Dom–

    I own a 2007 Prius. Paid $25K for it and it’s almost fully loaded. Now that the weather is colder in the upper midwest I am currently AVERAGING 46.2 mpg. That’s cty/hwy mileage. Not APPROACHING 40 mpg, which is the hwy mileage you are talking about for those cars.

  • Zwordsman

    Regardless of the sensationalism and the opportunity for the press to sell papers and generate mass coverage by exploiting the tragic death of automotive consumers, the fact remains, people died as a result of their negligence. In fact, I willing to gamble that an actuary compiled the data and determined that it would be more cost effective to allow a known defective product to be sold to consumers and remedy the malady after the vehicle had been sold. Where is the hype in that? Corporate profits by any means necessary! You want hype? H1N1 and the now the side effects people are experiencing after being administered an unproven and marginally test product.

  • Anonymous

    Zwordsman says:

    “In fact, I willing to gamble that an actuary compiled the data and determined that it would be more cost effective to allow a known defective product to be sold to consumers and remedy the malady after the vehicle had been sold. Where is the hype in that? “
    _______________

    Whether it is deemed a “defect” or not, I’d argue trading cost vs risk is true in all products. If risks vs cost isn’t a factor, we would all be driving tanks or something ridiculous to reduce all risks close to zero.

    Furthermore, designing a product to zero risk is very unlikely nor practical. I think that concept has to be a balanced and within reason. The key word here is “reasonable”. At some point the cost will increase exponentially as a product is designed to eliminate risks. For example, manufactures knows there is a risk of planes falling from the sky and killing vehicle occupants… it is an unlikely scenario but a risk nevertheless. Is it a defect? Probably not because people do not expect the vehicle to function as such.

    In the case of the prius floor mat recall, it is certainly reasonable to expect the mat not to be a hindrance to vehicle control. In such case I may call this a defect depending on circumstances that triggered this (failed clip is probably a defect) and how often this occurs.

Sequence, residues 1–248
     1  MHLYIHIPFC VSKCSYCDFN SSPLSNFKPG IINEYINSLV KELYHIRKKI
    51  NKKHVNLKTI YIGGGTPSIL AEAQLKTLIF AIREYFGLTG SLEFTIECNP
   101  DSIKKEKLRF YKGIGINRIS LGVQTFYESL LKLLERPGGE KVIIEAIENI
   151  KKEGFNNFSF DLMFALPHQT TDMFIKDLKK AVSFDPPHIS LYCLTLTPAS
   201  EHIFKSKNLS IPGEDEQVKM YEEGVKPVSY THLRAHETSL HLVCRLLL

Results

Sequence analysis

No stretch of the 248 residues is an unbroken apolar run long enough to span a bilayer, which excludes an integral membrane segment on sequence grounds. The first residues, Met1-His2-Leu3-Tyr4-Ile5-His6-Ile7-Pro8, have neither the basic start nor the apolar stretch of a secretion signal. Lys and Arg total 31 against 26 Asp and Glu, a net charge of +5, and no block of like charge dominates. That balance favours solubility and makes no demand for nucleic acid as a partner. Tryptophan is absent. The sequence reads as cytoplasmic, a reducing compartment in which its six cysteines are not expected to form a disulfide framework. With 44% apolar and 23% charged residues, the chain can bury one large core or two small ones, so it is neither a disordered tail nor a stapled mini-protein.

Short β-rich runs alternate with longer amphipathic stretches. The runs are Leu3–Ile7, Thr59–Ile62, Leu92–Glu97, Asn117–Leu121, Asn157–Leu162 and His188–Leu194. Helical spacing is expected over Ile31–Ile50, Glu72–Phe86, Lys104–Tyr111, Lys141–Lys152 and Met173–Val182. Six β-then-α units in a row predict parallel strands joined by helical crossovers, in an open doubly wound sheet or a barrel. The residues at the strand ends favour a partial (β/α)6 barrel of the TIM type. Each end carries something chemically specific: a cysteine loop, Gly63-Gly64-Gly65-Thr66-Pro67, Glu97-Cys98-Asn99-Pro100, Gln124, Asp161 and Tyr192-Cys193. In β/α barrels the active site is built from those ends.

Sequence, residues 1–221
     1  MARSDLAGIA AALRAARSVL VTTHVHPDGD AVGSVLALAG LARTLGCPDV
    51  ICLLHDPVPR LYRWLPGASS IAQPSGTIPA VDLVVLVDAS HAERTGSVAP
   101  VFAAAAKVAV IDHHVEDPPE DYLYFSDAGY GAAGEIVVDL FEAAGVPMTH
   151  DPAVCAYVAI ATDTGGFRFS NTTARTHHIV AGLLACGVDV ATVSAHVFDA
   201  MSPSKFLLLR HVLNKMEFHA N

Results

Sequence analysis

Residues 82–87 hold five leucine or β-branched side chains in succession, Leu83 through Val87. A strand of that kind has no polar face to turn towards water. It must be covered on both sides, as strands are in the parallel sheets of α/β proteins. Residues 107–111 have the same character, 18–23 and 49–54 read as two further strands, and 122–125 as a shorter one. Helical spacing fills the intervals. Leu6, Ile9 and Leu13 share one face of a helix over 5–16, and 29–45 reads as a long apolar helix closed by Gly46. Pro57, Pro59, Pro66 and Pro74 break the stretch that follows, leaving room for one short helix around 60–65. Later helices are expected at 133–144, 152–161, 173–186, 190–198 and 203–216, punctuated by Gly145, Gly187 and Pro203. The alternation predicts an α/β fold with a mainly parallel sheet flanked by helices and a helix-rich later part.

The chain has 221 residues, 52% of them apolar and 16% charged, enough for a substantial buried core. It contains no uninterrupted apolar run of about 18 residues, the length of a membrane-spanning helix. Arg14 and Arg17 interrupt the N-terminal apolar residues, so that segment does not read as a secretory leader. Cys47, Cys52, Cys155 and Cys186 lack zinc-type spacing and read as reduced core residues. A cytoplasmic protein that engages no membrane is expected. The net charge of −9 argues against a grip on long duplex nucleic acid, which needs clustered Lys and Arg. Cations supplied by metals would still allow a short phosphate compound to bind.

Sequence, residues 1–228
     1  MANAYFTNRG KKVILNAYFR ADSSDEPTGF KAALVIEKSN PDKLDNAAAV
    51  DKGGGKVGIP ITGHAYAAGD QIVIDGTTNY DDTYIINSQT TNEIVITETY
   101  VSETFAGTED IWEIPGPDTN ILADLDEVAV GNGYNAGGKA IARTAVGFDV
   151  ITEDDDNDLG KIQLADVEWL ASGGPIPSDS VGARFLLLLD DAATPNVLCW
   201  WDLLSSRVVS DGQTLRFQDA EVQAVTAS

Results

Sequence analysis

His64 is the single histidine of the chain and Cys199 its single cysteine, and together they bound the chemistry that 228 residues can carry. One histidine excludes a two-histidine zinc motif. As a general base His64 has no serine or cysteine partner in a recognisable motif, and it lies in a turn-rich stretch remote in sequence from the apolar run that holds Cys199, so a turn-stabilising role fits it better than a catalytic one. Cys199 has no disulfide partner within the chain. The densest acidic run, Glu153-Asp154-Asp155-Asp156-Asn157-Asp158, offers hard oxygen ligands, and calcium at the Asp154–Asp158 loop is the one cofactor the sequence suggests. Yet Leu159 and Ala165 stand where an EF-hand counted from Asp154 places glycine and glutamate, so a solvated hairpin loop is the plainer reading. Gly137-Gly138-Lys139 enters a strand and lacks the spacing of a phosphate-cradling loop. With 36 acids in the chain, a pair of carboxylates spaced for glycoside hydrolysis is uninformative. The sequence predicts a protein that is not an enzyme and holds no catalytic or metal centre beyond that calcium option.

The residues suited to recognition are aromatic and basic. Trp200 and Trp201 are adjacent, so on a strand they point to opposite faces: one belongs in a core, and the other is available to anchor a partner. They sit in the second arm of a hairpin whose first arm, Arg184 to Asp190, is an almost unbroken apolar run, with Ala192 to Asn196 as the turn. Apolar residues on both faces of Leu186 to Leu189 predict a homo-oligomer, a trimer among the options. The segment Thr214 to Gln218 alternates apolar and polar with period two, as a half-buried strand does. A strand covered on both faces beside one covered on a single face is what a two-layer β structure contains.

Some may argue it is reasonable to expect people should have sufficient skills to control their vehicles in an event like this. And what happens when a part fails under wear and tear? Is it reasonable to assume drivers will be maintaining critical parts such as brakes or adjust their mat as it slides out of position? I guess my point is sometimes things are not as black and white as it seems. Most of the time manufactures and consumers both have to take on responsibilities to deal with the risks. Often times when it is not reasonable for the consumers to know or deal with the critical risks (e.g. mat clip breaking while driving and immediately causing mat to jam gas control), this is where the term “defect” may be used and manufactures will take on most of the blame.

  • Anonymous

    I think Toyota made that projection before FORD announced it’s new electrification plan:

    1. C-MAX Hybrid (1.6 EcoBoost with more room, higher EV range and speed, and higher mpg than Prius)

    2. C-MAX Energi Plugin Hybrid (More room, higher mpg, longer on EV, faster on EV, longer range than Prius and Volt)

    3. Focus Electric (Nicer than anything out there, faster charge, cheaper 240 charger and lower vehicle cost than the Leaf)

    And the upcoming:

    4. The ‘hinted’ and ‘avoided’ conversation about the Focus Hybrid Sedan (with their new 1.6 EcoBoost engine alone that gets combined 44mpg in the bigger Mondeo) which should get about 60-70 mpg as a hybrid. This will be the replacement for the Fusion ‘Hybrid’ that will end with the 2011 model. They are already doing a heavy marketing of the current Fusion, and not marketing the Fusion Hybrid at all, as if it does not exist. All electrified Ford cars will be on the C Platform and manufactured out of the new Michigan plant. I see that announcement coming in Feb or March.

    5. The Fiesta with the new 1.6 EcoBoost will be available for mileage in the 50s, and that’s without the cost of a hybrid. This should be announced first, as they have already started marketing the new high mileage 1.6 EcoBoost engine on the Ford website.

    And with all these cars selling world wide, with Fords focus on AFFORDABLE electrified and high mileage vehicles to benefit from the economy of scale, there is no doubt that Ford will be the clear leader before 2020.

    GO FORD GO USA!!!

  • vtimm

    I love my ’07 Prius and am looking forward to seeing the upcoming models released at the Detroit show as I want to purchase another Prius within the next two years. It is simply a joy to drive and the gas mileage is fabulous.